Small screws are inserted into the front of the body at strategic points and all access points to the internal areas of the Pentax Optio WG-1 GPS such as the battery door and HDMI port have locks on them to place pressure on the rubber seals that keep out water. However, in our test, we found a small amount of play in the battery door. Once the locking switch has been pulled down, the door slides across slightly and this is where the play is. We contacted Pentax to check it and they said: "There is a degree of play in the battery door and this is normal. The movement should be no more than 1mm." So if you're looking at this camera and notice very slight movement on the battery door, you know it's ok.
The buttons on the Pentax Optio WG-1 GPS are quite small which is unusual for an underwater camera. They may be difficult to use in snowy conditions where you may prefer to wear gloves. The power button on the top of the camera is flush to the body which looks nice. On the back, it looks quite busy with several buttons all vying for space. Because there's so many, they're compacted quite small and bunched up. At the top is a small zoom rocker with the playback button beneath. The main menu and face detection buttons are located above the navigation pad while the ever present green button sits at the bottom doubling up as the delete button when in playback. Given the amount of space available on top, the power button could've been moved to make space for the zoom switch and the face detection could be placed in the menu. This would create more space and obviate the current issues.
Of course all this painting your lips white and wearing tennis racquets on your feet will amount to nothing if you can't back up your pictures of your extreme trip with some proper geographical support. Thankfully the Pentax Optio WG-1 GPS has a GPS system built-in to it. If you've been living under a rock and don't know what GPS is, it stands for Global Positioning System and it uses satellites (we'll assume you know what satellites are) to track your movements anywhere on the globe. When you're ready to upload the information, the camera gets the GPS records then marries them up with the pictures using the time & date information in the EXIF data of the photograph.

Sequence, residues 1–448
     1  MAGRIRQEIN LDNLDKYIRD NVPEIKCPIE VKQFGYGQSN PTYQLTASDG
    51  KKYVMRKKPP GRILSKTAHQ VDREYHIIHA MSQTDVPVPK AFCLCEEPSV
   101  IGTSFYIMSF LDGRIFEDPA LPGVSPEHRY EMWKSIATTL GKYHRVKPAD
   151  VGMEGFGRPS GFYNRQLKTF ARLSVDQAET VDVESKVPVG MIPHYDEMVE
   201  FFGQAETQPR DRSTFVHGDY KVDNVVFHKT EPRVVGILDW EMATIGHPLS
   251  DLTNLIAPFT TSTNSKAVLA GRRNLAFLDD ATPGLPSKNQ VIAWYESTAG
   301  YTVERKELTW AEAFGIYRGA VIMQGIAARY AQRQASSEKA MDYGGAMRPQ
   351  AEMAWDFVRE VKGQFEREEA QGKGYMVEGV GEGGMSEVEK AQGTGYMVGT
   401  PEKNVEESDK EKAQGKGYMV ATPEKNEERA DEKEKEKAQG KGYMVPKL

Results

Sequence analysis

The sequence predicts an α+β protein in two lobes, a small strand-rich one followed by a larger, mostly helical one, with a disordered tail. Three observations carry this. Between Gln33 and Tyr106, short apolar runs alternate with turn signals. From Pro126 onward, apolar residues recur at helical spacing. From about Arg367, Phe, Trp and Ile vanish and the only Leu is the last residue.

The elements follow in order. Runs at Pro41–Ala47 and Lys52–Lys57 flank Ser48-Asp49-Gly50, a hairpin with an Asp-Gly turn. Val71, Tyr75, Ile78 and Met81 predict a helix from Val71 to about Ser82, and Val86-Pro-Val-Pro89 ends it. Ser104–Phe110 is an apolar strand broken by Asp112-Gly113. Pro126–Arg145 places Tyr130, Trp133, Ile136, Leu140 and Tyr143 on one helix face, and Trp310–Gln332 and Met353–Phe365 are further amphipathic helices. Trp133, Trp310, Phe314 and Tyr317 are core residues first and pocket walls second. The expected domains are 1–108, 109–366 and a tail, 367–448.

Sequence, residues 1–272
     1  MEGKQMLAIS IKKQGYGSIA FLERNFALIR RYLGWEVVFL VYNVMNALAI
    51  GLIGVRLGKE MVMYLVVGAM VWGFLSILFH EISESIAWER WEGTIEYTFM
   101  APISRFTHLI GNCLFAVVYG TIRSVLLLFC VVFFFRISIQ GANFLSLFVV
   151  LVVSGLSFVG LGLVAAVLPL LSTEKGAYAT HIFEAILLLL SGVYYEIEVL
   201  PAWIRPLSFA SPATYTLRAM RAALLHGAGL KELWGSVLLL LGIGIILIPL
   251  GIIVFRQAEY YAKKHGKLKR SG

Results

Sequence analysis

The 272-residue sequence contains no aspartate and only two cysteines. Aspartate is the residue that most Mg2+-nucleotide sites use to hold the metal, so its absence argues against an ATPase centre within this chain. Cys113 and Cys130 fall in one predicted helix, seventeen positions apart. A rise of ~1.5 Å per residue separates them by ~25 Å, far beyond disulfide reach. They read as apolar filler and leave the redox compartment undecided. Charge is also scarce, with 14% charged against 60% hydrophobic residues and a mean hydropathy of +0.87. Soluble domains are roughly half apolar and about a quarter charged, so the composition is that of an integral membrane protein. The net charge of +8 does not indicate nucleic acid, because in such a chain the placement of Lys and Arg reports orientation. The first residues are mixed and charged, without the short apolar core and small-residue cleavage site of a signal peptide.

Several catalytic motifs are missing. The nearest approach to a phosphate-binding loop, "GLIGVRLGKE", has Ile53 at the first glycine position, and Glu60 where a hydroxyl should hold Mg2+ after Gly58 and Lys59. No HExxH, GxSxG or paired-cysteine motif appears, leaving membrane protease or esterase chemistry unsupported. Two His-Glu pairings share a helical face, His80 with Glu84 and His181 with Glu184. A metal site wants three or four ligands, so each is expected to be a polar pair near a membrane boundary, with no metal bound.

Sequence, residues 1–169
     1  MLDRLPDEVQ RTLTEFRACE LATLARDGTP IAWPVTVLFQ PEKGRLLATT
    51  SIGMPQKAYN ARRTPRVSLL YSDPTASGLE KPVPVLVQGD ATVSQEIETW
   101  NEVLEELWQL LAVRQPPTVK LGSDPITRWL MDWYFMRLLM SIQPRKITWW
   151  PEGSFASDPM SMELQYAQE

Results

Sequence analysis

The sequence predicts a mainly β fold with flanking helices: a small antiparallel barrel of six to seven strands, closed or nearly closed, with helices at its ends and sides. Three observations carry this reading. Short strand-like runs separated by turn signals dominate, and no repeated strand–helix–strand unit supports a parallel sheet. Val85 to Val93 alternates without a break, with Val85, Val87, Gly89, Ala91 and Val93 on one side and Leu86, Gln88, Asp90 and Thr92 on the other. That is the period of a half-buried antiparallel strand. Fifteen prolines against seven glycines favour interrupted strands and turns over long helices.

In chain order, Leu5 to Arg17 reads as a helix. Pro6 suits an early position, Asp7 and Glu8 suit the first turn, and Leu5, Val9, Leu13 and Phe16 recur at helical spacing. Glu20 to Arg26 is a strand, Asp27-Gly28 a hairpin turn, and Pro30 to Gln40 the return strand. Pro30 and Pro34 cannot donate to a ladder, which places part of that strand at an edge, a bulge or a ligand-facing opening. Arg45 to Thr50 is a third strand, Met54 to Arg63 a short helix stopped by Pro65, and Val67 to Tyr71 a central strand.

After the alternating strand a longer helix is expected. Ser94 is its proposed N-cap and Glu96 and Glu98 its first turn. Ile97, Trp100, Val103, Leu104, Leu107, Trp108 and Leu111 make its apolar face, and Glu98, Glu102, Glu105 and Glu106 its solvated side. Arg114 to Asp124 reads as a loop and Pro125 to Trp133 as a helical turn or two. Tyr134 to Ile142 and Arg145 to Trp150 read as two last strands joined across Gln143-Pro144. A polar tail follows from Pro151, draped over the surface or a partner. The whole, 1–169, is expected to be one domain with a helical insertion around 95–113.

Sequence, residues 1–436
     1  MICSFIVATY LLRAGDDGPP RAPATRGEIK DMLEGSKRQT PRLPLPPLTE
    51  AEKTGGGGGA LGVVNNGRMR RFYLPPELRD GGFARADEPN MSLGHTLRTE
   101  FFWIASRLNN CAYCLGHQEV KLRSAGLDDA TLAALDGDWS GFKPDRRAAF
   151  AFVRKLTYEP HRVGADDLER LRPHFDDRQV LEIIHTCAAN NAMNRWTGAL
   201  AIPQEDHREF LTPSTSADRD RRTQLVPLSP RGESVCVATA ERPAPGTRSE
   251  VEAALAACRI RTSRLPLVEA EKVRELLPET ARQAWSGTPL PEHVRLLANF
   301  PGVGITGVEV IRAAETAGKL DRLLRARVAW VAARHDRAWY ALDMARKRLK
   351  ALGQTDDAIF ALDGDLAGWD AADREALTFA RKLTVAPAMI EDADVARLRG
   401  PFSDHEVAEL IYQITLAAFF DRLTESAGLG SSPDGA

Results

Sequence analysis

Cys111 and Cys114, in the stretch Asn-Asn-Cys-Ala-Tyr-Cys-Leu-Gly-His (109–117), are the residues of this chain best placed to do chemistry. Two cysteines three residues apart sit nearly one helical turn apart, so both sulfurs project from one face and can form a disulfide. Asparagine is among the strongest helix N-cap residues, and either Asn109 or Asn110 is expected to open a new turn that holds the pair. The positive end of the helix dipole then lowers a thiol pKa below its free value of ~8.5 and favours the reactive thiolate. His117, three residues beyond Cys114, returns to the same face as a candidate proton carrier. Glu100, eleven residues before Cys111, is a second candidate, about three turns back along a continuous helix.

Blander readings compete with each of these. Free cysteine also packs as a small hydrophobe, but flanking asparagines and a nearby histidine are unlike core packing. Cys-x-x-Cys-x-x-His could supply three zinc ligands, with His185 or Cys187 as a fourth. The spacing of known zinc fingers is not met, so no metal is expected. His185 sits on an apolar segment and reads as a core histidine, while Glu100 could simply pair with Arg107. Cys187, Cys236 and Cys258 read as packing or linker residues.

Normally it means you have to ensure you have the correct time & date but the WG-1 will use the time information from the satellites to adjust its own time setting which is a really cool idea. GPS systems in cameras can be sensitive and the Pentax one is too. It may have trouble locating a satellite if you're under water or under ground, in tunnels, among high-rise buildings, near power lines, in woods or near a mobile phone using a band of 1.5Ghz. At least it's not stopped by clouds and it's likely that you'll be outdoors because this is an outdoors camera after all.
|Battery Compartment||Memory Card Slot|
The Pentax Optio WG-1 GPS's main menu is a superimposed type so you can still see the frame behind it. It's well spaced and clearly signed. There are two tabs for shooting and for adjusting settings. Pressing the ok button will execute commands and while not in the menu will scroll through display options, which isn't clearly marked. In playback, pressing the menu button will bring up the previous version which doesn't have a playback tab. If you want to do anything to the pictures in camera, you have to press down on the navigation pad which is listed on the screen, it's just an unusual way of doing things.
In the box there's what we can only describe as "a big bunch of stuff". Along with the usual suspects of the driver CD, battery charger and USB cable, there's also a thick canvas strap with a carabiner attached for using on rucksacks or when climbing which could come in useful. The most unusual item is the HDMI cable for watching HD video on television. The opposite end of the cable has analogue connections; the yellow video and white audio plugs. That's right, it only has mono sound which is a bit weird because it completely ruins the entire idea of high definition.